Magazine article Risk Management

Regulatory Reengineering Comming near You

Magazine article Risk Management

Regulatory Reengineering Comming near You

Article excerpt

Regulatory reengineering for commercial insurance lines has become the buzz phrase of choice for the majority of insurance regulators across the country. At a time when 32 governors are Republican and the regulatory atmosphere in many states has become more friendly to business, it is no wonder that insurance deregulation is gaining momentum.

After the last gubernatorial election cycle, several state insurance departments started to display a more streamlined and efficient way of doing business. Insurance regulators in Massachusetts, New York, Pennsylvania and other states began to repeal hundreds of unnecessary regulations, eliminate paper requirements and work to upgrade technology. For example, in 1996 alone, New York enacted legislation that changed or rescinded 101 of the state's 150 insurance regulations.

This new spirit has also swept through the National Association of Insurance Commissioners (NAIC), where regulatory reform efforts launched in 1995 have begun to bear fruit in the form of the White Paper on Regulatory Re-engineering of Commercial Lines Insurance. The white paper deals with a number of issues such as removing barriers to the surplus lines market, establishing uniform surplus lines tax allocations in multistate transactions, state licensing of nonresident brokers and facilitating continuing education programs. What's in it for risk managers? Plenty.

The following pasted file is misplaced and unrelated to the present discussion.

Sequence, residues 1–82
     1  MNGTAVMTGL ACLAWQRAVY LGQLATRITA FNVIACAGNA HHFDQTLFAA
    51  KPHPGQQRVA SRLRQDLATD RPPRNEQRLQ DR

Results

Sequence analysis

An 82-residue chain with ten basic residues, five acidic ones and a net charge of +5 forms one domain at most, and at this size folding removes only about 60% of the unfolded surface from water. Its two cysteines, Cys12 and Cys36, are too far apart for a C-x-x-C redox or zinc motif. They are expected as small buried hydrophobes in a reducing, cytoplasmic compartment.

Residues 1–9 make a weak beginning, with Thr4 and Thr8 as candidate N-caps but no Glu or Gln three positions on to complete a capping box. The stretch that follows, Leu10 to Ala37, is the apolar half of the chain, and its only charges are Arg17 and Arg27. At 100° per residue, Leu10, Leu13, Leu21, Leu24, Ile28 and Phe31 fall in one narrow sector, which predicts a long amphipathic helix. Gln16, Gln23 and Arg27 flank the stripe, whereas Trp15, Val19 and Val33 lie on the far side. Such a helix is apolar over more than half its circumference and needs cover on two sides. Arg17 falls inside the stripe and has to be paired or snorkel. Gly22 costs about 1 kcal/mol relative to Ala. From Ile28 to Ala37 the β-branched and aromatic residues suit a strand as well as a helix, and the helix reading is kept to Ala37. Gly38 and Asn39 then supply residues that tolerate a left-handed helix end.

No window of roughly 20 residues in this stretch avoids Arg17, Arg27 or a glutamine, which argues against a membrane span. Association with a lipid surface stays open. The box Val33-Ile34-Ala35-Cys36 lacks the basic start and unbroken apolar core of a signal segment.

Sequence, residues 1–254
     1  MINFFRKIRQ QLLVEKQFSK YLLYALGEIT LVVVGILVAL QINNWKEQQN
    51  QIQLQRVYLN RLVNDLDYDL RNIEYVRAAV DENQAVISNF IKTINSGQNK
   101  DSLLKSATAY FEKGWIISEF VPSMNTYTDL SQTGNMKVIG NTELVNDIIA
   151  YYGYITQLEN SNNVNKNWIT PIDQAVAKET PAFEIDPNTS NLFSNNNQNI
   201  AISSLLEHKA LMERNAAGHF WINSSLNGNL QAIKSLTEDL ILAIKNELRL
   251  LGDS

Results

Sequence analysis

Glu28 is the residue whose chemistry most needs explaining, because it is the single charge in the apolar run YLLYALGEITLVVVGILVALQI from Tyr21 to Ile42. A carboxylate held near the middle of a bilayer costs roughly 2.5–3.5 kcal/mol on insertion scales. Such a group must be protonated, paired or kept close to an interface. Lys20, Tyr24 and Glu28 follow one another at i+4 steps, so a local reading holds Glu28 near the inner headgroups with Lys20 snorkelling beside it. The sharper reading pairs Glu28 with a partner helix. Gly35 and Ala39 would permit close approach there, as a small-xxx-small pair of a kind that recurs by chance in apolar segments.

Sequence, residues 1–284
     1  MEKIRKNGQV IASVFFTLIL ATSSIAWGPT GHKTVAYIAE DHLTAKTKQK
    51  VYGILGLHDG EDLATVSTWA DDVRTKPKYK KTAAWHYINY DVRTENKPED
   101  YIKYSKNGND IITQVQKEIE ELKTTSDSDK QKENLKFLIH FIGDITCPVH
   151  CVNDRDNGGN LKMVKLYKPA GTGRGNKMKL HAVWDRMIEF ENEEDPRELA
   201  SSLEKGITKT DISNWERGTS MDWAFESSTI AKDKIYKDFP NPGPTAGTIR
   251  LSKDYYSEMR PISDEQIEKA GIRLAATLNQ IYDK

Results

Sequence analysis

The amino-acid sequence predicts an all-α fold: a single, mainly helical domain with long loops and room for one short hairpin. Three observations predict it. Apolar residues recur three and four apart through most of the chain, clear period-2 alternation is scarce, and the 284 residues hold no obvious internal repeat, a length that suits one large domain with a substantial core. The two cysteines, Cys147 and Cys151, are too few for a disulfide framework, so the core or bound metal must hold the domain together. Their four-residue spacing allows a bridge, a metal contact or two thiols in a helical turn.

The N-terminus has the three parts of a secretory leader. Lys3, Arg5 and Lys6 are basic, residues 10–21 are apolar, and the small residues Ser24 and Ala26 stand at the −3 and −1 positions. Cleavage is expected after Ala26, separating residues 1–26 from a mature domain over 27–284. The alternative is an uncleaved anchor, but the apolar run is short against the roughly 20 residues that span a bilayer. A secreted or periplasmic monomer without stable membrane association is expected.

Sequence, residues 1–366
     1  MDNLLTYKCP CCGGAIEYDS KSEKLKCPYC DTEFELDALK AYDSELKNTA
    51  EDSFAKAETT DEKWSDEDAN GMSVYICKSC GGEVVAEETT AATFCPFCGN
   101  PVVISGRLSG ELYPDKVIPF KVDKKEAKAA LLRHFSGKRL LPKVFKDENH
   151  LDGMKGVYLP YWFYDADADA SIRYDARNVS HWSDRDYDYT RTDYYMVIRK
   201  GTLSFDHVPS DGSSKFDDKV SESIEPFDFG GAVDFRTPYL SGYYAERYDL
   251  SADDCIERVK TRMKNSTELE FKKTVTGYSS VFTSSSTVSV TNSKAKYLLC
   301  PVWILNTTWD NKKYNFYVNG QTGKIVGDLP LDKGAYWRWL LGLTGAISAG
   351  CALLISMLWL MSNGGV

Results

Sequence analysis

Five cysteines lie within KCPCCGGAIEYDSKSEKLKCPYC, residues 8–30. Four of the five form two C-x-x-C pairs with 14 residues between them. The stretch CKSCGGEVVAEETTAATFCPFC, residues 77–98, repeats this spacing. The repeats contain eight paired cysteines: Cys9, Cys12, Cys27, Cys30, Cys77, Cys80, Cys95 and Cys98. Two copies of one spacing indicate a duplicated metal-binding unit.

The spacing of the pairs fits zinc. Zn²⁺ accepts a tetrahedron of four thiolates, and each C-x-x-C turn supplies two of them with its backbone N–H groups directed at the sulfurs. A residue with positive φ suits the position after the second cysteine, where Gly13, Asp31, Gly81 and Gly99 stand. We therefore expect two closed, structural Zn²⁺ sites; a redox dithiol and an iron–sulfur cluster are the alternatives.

The NAIC white paper, which calls for the consolidation of rate and form laws, would exempt certain large insurance buyers, classified as Exempt Commercial Policyholders (ECPs), from rate and form regulation altogether. The paper recommends exploring various approaches, including competitive rating with no regulatory review, limited prior approval for certain noncompetitive lines and flex rating. The primary concern over rates is solvency protection. As for forms, the NAIC proposal favors retaining prior approval statutes while exploring alternatives such as Colorado's selfcertification approach. When filings are necessary, the NAIC hopes that its System for Electronic Rate and Form Filing (SERFF) will help make the process faster and more efficient. The white paper defines ECPs as insurance buyers who meet at least two of the following criteria: a net worth of over $50 million; net revenues or sales of over $100 million; more than 500 employees per individual company (or 1,000 per holding company aggregate); procurement of insurance through the use of a risk manager (employed or retained); or aggregate premiums of over $500,000. For nonprofit or public entities, the exemption would apply to organizations with an annual budget or assets of at least $45 million or municipalities with populations over 50,000. …

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